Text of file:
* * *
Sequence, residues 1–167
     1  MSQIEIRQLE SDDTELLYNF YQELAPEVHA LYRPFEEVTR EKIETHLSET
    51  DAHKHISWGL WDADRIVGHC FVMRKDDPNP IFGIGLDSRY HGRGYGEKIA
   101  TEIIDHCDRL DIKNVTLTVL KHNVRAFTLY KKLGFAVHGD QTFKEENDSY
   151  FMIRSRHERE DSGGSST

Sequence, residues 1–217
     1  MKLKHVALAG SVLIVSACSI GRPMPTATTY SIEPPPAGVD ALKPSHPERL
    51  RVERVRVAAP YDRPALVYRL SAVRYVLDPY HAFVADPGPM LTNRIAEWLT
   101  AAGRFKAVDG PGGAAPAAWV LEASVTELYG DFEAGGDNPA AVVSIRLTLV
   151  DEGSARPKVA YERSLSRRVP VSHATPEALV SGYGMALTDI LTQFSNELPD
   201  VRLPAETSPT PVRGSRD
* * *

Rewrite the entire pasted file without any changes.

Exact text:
Sequence, residues 1–167
     1  MSQIEIRQLE SDDTELLYNF YQELAPEVHA LYRPFEEVTR EKIETHLSET
    51  DAHKHISWGL WDADRIVGHC FVMRKDDPNP IFGIGLDSRY HGRGYGEKIA
   101  TEIIDHCDRL DIKNVTLTVL KHNVRAFTLY KKLGFAVHGD QTFKEENDSY
   151  FMIRSRHERE DSGGSST

Sequence, residues 1–217
     1  MKLKHVALAG SVLIVSACSI GRPMPTATTY SIEPPPAGVD ALKPSHPERL
    51  RVERVRVAAP YDRPALVYRL SAVRYVLDPY HAFVADPGPM LTNRIAEWLT
   101  AAGRFKAVDG PGGAAPAAWV LEASVTELYG DFEAGGDNPA AVVSIRLTLV
   151  DEGSARPKVA YERSLSRRVP VSHATPEALV SGYGMALTDI LTQFSNELPD
   201  VRLPAETSPT PVRGSRD